Search
  • A1 Pestmasters

What to expect from a termite inspection

What to expect from a termite inspection Chicago?


A termite infestation can cause thousands of dollars in damage to your home and, in extreme cases, can even exceed the house's value. It's time to schedule a termite inspection if you know or suspect you have termites on your property. Here's what you can expect.


Preparing for a Termite Inspection

When you schedule your termite inspection, inquire with your inspector about what you should do to prepare. The termite inspector will need access to your garage and exterior walls, as well as your attic, crawl space, sinks, and other areas of your home. Move household items to make it easier for the inspector to access:


  • The garage's walls. Remove items from the garage walls two feet away so the inspector can see where the walls meet the slab floor. Termites gain access to the garage through expansion joints.

  • The area beneath the house. The inspector will go under your house if it has a raised foundation. The inspector must gain access to the crawl space, which is usually done from the outside of the house. Remove any items that are blocking the crawl space's entrance.

  • Attic. Clear the way for the inspector to enter your attic. Remove clothing and other stored items if the attic access is in a closet so that insulation does not fall on them.

  • Sinks. Remove anything from under your kitchen and bathroom sinks. The inspector will look for leaks as well as termite evidence.


The inspector will be looking for the following:


In your home, look for the following signs of termite activity or infestation:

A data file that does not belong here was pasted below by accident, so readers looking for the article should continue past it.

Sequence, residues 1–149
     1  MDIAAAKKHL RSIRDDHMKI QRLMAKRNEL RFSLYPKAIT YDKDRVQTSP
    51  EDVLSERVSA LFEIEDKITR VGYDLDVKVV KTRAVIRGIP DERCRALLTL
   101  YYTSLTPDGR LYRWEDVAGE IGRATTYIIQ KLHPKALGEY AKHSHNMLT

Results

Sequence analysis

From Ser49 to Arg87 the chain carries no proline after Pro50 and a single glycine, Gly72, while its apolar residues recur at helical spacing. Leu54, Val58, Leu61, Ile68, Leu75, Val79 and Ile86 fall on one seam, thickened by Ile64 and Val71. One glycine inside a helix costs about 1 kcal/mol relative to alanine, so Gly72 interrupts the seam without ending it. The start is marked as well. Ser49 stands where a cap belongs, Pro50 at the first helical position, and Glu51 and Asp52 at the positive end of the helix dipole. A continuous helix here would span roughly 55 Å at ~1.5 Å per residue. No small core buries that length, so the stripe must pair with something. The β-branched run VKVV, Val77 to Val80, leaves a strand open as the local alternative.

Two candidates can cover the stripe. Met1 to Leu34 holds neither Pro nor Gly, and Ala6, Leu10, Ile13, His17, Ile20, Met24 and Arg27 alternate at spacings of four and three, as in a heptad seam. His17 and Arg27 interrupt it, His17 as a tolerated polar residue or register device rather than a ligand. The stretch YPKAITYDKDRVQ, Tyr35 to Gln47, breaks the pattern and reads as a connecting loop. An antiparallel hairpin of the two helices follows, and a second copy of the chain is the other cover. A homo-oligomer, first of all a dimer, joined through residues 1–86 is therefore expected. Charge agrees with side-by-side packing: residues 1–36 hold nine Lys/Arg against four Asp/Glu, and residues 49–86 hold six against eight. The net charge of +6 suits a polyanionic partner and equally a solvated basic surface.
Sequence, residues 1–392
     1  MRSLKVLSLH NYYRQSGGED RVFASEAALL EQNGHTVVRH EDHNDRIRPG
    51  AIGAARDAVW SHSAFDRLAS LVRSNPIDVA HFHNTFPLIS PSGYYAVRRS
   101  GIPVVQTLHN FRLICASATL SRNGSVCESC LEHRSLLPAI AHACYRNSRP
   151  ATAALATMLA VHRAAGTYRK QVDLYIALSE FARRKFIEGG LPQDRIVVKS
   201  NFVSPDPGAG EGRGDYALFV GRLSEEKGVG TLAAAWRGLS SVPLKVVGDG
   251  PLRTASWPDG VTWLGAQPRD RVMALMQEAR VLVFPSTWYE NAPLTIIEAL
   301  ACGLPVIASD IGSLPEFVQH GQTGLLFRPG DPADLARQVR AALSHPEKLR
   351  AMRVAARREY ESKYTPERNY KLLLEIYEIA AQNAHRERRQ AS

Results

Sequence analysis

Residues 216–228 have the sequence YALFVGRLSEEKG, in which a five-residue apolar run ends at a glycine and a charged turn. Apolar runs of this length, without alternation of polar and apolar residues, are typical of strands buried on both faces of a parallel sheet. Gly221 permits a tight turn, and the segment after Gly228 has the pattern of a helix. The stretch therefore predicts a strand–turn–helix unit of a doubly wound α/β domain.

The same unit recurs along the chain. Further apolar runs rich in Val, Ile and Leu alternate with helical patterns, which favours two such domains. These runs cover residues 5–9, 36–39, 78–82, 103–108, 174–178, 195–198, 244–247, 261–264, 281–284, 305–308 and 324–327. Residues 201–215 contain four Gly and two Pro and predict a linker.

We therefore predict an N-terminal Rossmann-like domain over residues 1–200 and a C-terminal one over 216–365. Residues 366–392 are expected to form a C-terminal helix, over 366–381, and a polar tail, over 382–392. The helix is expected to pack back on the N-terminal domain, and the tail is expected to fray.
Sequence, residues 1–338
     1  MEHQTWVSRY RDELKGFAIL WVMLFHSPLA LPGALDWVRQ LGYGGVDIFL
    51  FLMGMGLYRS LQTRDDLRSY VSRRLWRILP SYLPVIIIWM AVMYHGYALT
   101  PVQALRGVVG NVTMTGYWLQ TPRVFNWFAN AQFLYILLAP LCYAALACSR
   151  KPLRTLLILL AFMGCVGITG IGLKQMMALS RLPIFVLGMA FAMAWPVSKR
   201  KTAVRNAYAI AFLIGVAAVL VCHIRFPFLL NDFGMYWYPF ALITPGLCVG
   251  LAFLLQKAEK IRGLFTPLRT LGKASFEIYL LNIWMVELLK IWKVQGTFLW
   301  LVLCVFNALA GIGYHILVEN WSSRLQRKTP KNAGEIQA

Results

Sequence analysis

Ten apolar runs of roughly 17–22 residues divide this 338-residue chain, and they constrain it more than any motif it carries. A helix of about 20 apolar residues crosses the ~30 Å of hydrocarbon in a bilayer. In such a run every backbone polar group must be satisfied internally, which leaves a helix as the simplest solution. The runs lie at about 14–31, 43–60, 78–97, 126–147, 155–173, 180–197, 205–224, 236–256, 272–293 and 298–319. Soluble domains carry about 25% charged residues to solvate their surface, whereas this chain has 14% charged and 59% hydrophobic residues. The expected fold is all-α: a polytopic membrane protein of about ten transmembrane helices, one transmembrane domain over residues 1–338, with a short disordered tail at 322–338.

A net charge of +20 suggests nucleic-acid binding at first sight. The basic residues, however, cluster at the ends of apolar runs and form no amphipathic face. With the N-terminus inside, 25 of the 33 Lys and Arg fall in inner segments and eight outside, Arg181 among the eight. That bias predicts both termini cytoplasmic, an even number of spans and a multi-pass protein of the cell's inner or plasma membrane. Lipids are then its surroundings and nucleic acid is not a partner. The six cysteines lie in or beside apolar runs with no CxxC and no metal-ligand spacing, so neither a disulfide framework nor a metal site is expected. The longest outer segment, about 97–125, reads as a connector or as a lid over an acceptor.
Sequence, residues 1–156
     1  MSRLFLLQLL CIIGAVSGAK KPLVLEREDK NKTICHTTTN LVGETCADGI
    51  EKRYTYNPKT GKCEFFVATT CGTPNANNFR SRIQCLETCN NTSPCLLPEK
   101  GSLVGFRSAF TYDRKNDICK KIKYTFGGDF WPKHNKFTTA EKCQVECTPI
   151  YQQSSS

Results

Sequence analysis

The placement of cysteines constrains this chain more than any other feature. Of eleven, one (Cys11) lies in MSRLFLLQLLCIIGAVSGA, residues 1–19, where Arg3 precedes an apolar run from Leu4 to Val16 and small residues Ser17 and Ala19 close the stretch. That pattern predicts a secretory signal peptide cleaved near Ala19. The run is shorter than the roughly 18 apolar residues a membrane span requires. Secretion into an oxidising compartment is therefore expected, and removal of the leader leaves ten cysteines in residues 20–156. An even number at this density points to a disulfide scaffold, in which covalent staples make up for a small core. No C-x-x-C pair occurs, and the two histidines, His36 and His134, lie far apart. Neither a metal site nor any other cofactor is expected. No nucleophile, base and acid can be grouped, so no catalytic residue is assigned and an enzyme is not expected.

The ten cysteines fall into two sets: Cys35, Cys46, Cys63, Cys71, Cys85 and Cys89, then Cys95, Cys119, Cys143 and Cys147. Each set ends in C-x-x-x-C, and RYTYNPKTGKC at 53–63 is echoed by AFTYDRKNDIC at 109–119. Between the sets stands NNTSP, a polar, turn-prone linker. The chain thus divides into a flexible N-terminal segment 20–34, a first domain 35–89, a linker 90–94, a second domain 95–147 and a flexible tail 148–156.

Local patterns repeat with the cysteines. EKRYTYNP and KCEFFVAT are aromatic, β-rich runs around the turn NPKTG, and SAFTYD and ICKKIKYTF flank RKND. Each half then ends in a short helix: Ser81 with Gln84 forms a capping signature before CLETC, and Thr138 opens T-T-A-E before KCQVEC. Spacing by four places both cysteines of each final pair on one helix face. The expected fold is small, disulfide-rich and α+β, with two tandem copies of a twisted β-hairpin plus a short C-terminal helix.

• Termite excrement

  • Swarming evidence (such as discarded wings)

  • Tubes for mud

  • Wood that is hollow or damaged

  • Termites in the wild


Potential termite entry points include:

  • Foundation cracks near the plumbing

  • Joints for expansion (found in the garage and other places)

  • Walls made of hollow blocks

  • The exterior of foundation walls and piers


Conditions in your home that may lead to future termite infestations:

  • Plumbing dripping

  • Contact between wood and soil


The following are some questions to ask your termite inspector:

  • What are your recommendations for termite treatments?

  • How long will it take to treat the termites?

  • What is the location of the termite activity or infestation?

  • What can I do to avoid future infestations?

  • What is the cost of the initial treatment?

  • How much does it cost to extend protection?

  • What kind of guarantee do you offer?

5 views0 comments

Recent Posts

See All

Termites vs Ants what’s the difference

Termites vs Ants what’s the difference Examine the distinctions between termites and ants, particularly carpenter ants. When it comes to mating, both ants and termites swarm, and both are known to cau

Can Bed Bugs Live in Pillows

Can Bed Bugs Live in Pillows Bed bugs can conceal themselves in box springs, mattresses, baseboards, wallpaper, and even the alarm clock next to your bed. They're relentless in their nightly pursuits,

Bed Bugs in Walls

Bed Bugs in Walls Bed bugs, Cimex lectularius, are commonly misunderstood as only being found in beds. Bed bugs can be found in your walls, furniture, carpeting, and other areas of your home. If you'r